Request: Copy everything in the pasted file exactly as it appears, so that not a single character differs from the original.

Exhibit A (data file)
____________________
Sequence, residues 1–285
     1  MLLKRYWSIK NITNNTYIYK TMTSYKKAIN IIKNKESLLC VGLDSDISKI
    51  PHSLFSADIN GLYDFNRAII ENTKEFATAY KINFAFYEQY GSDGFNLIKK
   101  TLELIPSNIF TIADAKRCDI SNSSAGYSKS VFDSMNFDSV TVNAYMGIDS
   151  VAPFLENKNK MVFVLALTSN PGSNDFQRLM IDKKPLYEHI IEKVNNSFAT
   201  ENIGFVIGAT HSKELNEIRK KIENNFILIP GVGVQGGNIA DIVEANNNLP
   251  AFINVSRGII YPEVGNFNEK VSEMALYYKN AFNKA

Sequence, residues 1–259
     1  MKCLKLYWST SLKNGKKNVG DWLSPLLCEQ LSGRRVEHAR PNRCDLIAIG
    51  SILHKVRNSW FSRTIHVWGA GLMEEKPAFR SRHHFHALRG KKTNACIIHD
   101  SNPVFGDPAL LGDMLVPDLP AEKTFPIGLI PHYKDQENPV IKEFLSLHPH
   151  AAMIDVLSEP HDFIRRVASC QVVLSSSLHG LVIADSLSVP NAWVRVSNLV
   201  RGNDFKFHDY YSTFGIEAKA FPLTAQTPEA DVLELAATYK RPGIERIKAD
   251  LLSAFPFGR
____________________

Sequence, residues 1–285
     1  MLLKRYWSIK NITNNTYIYK TMTSYKKAIN IIKNKESLLC VGLDSDISKI
    51  PHSLFSADIN GLYDFNRAII ENTKEFATAY KINFAFYEQY GSDGFNLIKK
   101  TLELIPSNIF TIADAKRCDI SNSSAGYSKS VFDSMNFDSV TVNAYMGIDS
   151  VAPFLENKNK MVFVLALTSN PGSNDFQRLM IDKKPLYEHI IEKVNNSFAT
   201  ENIGFVIGAT HSKELNEIRK KIENNFILIP GVGVQGGNIA DIVEANNNLP
   251  AFINVSRGII YPEVGNFNEK VSEMALYYKN AFNKA

Sequence, residues 1–259
     1  MKCLKLYWST SLKNGKKNVG DWLSPLLCEQ LSGRRVEHAR PNRCDLIAIG
    51  SILHKVRNSW FSRTIHVWGA GLMEEKPAFR SRHHFHALRG KKTNACIIHD
   101  SNPVFGDPAL LGDMLVPDLP AEKTFPIGLI PHYKDQENPV IKEFLSLHPH
   151  AAMIDVLSEP HDFIRRVASC QVVLSSSLHG LVIADSLSVP NAWVRVSNLV
   201  RGNDFKFHDY YSTFGIEAKA FPLTAQTPEA DVLELAATYK RPGIERIKAD
   251  LLSAFPFGR